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EDDIE GILLANDERS: Gougeon must hit the ground running on agricultural policy move

By Eddie Gillanders

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SO, Marie Gougeon has been reappointed Cabinet Secretary for Rural Affairs by the new First Minister, Humza Yousaf, despite the job being offered first to his main rival for the top job, Kate Forbes.

Kate Forbes (left) was offered the rural affairs job post but turned it down, and Marie Gougeon was reappointed.
Kate Forbes (left) was offered the rural affairs job post but turned it down, and Marie Gougeon was reappointed.

Hardly reassuring for Marie that she has the full confidence of her boss, being the second choice for the job.

Farmers might have welcomed Kate as rural secretary as, with her “get up and go” approach, she might just have been the right person to shake things up and deliver the long-awaited new agricultural policy which farmers are desperately looking for and which Ms Gougeon has manifestly failed to deliver.

Getting a grip of the agriculture and food portfolio is not an easy task for any politician but Ms Gougeon should by now have the advantage of a firm grasp of the industry and its complexities.

She listens wells and makes all the right promises about the importance of agriculture and food production but the development of a new agricultural policy, which is due to be implemented just two years from now, is still at the embryo state despite being started more than two years ago by her predecessor, Fergus Ewing, with the appointment of farmer-led groups for each sector to advise on the policies needed.

It’s no secret that policy decisions are being held back by senior civil servants who have been accused by senior figures in the industry – particularly former NFU president, Jim Walker, who chaired the advisory group on beef – of having their own agenda to decimate Scotland’s beef industry to help Scotland reach net zero more quickly.

Farmers will be looking for Ms Gougeon to take a tougher line following her reappointment.

Meantime, NFU Scotland president, Martin Kennedy, has wasted no time in demanding an early meeting with the First Minister to reiterate the importance of the food and drink sector to Scotland’s economy, directly and indirectly supporting 360,000 jobs.

“Food and drink is the major driver of trade both at home and abroad worth billions of pouds, putting it at the heart of Scotland’s economy,” Mr Kennedy points out.

“With 65,000 people working in Scottish agriculture, farmers and crofters are the cornerstone of that growing food and drink sector. As we debate Scotland’s future agricultural policy, we must look to put sustainable food production and our future food security front and centre.”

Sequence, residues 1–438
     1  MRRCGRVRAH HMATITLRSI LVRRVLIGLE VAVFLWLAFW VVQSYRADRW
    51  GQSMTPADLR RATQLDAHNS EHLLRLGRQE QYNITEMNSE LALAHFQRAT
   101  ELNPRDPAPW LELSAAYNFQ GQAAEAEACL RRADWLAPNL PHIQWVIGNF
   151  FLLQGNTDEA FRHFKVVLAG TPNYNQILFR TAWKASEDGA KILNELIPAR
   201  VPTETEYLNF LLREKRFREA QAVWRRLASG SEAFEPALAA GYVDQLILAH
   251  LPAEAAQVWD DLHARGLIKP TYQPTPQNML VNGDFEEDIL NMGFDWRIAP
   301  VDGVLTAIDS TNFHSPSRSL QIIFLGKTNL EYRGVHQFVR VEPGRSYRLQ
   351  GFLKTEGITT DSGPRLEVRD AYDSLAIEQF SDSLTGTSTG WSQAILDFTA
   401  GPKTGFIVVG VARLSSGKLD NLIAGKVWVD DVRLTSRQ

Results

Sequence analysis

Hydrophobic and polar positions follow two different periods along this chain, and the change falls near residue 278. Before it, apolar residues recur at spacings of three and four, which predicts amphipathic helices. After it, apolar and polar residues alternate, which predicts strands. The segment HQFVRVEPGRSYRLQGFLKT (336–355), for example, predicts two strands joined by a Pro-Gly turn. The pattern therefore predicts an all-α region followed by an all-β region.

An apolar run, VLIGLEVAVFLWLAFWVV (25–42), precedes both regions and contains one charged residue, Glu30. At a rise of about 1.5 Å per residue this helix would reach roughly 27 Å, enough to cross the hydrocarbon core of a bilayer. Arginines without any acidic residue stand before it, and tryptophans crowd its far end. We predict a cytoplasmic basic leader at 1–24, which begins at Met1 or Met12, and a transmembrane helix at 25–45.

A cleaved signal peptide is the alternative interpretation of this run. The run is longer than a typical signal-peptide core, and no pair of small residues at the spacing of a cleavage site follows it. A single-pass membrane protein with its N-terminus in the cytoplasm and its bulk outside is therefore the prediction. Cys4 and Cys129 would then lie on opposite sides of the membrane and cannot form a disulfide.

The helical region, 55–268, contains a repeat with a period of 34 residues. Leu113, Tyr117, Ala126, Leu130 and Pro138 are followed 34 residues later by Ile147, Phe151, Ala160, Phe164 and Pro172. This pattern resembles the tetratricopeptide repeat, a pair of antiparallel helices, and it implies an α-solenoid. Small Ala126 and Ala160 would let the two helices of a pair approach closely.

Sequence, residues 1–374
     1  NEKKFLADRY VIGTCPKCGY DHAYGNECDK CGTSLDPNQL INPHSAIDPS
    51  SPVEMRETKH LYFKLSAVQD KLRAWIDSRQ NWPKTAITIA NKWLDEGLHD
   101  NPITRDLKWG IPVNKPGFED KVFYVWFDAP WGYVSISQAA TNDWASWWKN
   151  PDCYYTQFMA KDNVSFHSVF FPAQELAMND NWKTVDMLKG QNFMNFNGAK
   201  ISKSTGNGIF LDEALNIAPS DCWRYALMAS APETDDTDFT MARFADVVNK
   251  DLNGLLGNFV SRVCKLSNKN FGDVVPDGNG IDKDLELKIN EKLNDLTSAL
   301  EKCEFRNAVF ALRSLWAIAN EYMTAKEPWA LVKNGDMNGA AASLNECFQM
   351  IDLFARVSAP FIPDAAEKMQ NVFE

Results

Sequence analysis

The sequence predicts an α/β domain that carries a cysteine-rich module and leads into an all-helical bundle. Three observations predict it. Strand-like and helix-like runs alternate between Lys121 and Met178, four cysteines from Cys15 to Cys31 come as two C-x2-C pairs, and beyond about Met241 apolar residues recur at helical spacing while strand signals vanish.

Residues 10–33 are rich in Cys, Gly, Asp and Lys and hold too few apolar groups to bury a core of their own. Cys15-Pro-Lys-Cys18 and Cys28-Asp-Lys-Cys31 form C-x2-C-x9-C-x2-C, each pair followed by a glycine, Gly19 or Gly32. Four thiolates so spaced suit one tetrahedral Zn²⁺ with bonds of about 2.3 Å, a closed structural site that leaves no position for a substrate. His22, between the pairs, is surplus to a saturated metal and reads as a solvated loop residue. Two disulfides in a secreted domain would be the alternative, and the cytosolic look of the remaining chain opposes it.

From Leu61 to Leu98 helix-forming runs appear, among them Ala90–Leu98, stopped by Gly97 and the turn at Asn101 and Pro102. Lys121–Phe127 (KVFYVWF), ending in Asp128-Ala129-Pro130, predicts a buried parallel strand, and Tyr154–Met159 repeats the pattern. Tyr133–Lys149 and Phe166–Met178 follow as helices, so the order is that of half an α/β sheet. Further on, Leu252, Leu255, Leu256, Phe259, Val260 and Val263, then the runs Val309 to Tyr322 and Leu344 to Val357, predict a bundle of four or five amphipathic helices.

Mr Kennedy said he would welcome an opportunity to have the First Minister visit some farms to see first-hand the incredible job Scottish farmers and crofters are doing to sustainably produce food, tackle climate change and bolster biodiversity.

One of the issues which Mr Kennedy will no doubt be raising – although perhaps not highest priority at the present time – is the Scottish Government’s continued refusal to allow Scottish farmers to embrace new precision breeding technology.

The government has consistently held to the highly questionable view that the adoption of modern genetic technology would undermine the Scotch brand and chose not to partake in the Genetic Technology (Precision Breeding) Bill which passed through the UK parliament last week.

The government view chimes with the EU and, given the SNP’s long term aim of returning an independent Scotland to the EU, the government has decided to wait for the outcome of an EU Commission review of future gene editing regulations before deciding how to proceed although there is little doubt that it will align with the EU position.

This head-in-the-sand attitude flies in the face of all the scientific evidence about the safety of gene editing. It’s not the same as genetic modification which there was an outcry about several years ago because of the possibility of introducing genes from one species to another.

Gene edited organisms don’t contain DNA from different species and only produce changes that are being made already but much more slowly by traditional breeding methods.

NFU Scotland makes the point that plant and animal breeding can be used to produce better crops and livestock with characteristics that will benefit animal welfare, public health, the environment and food security.

“Given that gene editing is different to genetic modification, we hope the government will support the use of the technology,” said Mr Kennedy.

It is ironic that Scotland, with its world-leading and highly respected agricultural research institutes, is being held back from exploring the opportunities which this new technology could offer Scottish farmers.

“The passing of the bill means we will have a two-tier system within the UK with Scottish farmers stuck in the lower tier and at a competitive disadvantage,” Mr Kennedy warns.

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